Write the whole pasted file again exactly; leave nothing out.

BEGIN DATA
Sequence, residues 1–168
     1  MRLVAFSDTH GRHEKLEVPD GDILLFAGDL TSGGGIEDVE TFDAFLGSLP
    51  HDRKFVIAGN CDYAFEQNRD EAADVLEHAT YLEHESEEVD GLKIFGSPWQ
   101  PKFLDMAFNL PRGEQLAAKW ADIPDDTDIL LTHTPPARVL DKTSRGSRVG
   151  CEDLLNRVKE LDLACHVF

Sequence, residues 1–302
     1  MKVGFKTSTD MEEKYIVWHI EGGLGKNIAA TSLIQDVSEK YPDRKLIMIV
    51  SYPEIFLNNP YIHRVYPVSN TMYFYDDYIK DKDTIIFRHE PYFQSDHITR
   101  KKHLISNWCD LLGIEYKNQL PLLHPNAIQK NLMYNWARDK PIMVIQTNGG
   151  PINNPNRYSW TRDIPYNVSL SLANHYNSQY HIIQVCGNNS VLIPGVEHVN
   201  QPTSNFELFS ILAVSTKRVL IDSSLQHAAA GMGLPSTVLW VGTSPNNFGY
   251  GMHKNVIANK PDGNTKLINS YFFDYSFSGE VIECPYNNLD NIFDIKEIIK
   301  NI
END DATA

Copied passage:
Sequence, residues 1–168
     1  MRLVAFSDTH GRHEKLEVPD GDILLFAGDL TSGGGIEDVE TFDAFLGSLP
    51  HDRKFVIAGN CDYAFEQNRD EAADVLEHAT YLEHESEEVD GLKIFGSPWQ
   101  PKFLDMAFNL PRGEQLAAKW ADIPDDTDIL LTHTPPARVL DKTSRGSRVG
   151  CEDLLNRVKE LDLACHVF

Sequence, residues 1–302
     1  MKVGFKTSTD MEEKYIVWHI EGGLGKNIAA TSLIQDVSEK YPDRKLIMIV
    51  SYPEIFLNNP YIHRVYPVSN TMYFYDDYIK DKDTIIFRHE PYFQSDHITR
   101  KKHLISNWCD LLGIEYKNQL PLLHPNAIQK NLMYNWARDK PIMVIQTNGG
   151  PINNPNRYSW TRDIPYNVSL SLANHYNSQY HIIQVCGNNS VLIPGVEHVN
   201  QPTSNFELFS ILAVSTKRVL IDSSLQHAAA GMGLPSTVLW VGTSPNNFGY
   251  GMHKNVIANK PDGNTKLINS YFFDYSFSGE VIECPYNNLD NIFDIKEIIK
   301  NI